Infest the Waters: A Blog About Design, Life and Making Stuff

Crafting a Wedding

Wedding Arbor - close up

Last October, I got married.  Like a lot of stuff in our lives, my fiancé–now husband–and I didn’t want to do things like everyone else.  Specifically, we didn’t want to feed into the wedding-industrial complex that says you need to buy, buy, buy and spend, spend, spend for an event that represents only several hours–albeit several wonderfully amazing hours–of your life.  It’s a racket, really.  So we set to work crafting a wedding that was about us and not stuff.  As you might expect, this meant making a whole lot of things for the wedding, often from reclaimed/reused items.

While we were planning the wedding, a number of people commented that I should be blogging about all the stuff we were doing to make our wedding as sustainable as possible, so that other people could see how it can be done and be inspired to do the same.  The problem was that, while that sounded great in theory, I really didn’t have a whole lot of extra time to be doing something like that because, well, you know, I was planning a wedding.  So instead, I figured I’d save it all up until some later date to share with the world.  That day has come.  I invite you to take a little trip down recent-memory lane with me and see how we put together a handmade wedding that was about us–not stuff.  (Fair Warning: This post is a little long, so if weddings aren’t your thing, you might want to stop right here.  And if you don’t want the details but like wedding eye candy, you can just scroll through the pictures.)

The 5th SideLet’s start with the venue.  Finding a venue was both tricky and exceedingly easy for us.  Since we knew we wanted to do things a certain way, which included choosing our own sustainable caterer and providing out own locally-produced alcohol, a lot of the traditional places were immediately out of the question.  This meant we had to do a little more research on our own for non-traditional venues.  Thanks to PhillySpaceFinder, we were turned on toThe 5th Side, an amazing converted brewery turned soap and candle company turned coppersmith shop turned trolley repair shop turned performance venue.  When we went to see the space, it was still very much under construction, and it was packed to the gills with all sorts of junk, some of which was still left over from the previous owners.  But were we going to be able to choose our own caterer?  Check.  Could we bring our own alcohol?  Check.  Was there a firepit?  Check.  Was it reasonably priced?  Check.  Plus, the building itself was recycled, in a manner of speaking.  It was the only place we visited, and we decided it was perfect.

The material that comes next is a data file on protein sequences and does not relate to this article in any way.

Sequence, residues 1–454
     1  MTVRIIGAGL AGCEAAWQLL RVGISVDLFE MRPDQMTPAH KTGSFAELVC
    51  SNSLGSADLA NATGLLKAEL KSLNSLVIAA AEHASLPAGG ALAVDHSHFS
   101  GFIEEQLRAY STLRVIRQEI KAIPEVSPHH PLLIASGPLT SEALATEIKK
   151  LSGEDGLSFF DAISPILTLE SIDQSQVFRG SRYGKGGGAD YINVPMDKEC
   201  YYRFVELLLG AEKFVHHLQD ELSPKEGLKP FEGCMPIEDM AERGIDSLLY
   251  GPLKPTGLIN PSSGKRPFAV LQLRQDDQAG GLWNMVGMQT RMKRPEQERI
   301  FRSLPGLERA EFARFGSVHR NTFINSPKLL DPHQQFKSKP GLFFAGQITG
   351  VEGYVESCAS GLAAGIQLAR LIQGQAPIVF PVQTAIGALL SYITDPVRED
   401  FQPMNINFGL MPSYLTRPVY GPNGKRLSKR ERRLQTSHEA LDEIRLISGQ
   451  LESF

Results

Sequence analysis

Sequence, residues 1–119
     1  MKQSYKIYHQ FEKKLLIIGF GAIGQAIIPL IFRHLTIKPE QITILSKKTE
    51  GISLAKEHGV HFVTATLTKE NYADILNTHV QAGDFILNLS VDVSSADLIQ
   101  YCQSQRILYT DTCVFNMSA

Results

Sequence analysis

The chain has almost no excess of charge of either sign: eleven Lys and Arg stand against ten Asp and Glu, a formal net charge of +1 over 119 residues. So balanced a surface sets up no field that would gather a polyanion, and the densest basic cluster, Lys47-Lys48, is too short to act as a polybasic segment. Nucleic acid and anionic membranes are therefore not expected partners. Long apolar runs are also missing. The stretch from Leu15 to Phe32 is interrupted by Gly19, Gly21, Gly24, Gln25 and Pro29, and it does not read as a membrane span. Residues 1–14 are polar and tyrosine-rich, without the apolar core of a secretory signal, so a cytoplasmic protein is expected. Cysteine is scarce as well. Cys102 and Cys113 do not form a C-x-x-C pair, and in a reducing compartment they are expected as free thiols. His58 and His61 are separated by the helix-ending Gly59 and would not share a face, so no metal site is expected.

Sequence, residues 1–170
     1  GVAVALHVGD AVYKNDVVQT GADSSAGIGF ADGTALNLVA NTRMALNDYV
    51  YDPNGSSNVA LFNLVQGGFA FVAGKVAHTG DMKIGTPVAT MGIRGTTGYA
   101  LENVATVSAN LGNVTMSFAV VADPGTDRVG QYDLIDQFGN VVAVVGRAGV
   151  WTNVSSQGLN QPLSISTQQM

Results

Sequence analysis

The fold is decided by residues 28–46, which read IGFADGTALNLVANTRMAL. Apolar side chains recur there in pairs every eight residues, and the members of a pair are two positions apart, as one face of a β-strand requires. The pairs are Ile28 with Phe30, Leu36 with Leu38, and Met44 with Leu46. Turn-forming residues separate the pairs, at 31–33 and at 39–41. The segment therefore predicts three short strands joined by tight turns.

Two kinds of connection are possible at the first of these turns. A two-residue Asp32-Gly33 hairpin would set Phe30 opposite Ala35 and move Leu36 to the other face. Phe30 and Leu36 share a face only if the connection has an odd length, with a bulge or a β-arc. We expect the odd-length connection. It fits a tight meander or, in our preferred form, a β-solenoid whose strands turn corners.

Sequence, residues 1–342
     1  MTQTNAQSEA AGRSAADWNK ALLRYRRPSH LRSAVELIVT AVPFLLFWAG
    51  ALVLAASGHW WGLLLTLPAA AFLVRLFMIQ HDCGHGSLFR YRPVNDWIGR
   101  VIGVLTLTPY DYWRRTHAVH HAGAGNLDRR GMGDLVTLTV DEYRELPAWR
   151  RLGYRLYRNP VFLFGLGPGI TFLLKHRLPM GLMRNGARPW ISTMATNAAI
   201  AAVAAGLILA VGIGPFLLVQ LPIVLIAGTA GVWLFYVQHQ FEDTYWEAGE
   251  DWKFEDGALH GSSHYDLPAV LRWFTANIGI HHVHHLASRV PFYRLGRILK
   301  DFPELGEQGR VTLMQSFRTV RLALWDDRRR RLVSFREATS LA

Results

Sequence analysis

Next was the caterer.  We had a small budget, but we knew we wanted the food to be local and seasonal, and since we wanted to make our reception zero-waste, we needed to find a caterer who was open to recycling and composting.  The local, seasonal, and composting requirements substantially limit your options, but for someone who struggles with decisions when there are too many options (that’s me), this turned out to be a blessing in disguise.  And luckily, the fall is just about the perfect time to have a local, seasonal wedding because of the bounty of food that’s in season.  Additionally, we wanted the flexibility to ask our guests to bring pie (instead of having wedding cake), and some caterers get upset about not being able to control all aspects of the event.  In the end, there was only one caterer that met all of our wacky requirements (and budget), so we went with Cosmic Catering.  (They were awesome.)

Wittzler Wedding Invitation PackageAnd then there were the save-the-dates and invitations.  We debated the merits of doing everything electronically, but in the end, we went with printed pieces because (1) I wanted to make them and (2) it seems like people just aren’t so great with responding to electronic invitations these days.  You may have already seen them on this site, but here they are again (with the wedding program added in).  I had these printed by a local screenprinter, Sire Press, and they were printed on French Paper, which is produced using 100% hydroelectric power.  The Save-the-Dates and RSVP cards were postcards to minimize paper usage, and the envelope was made out of 100% post-consumer paper.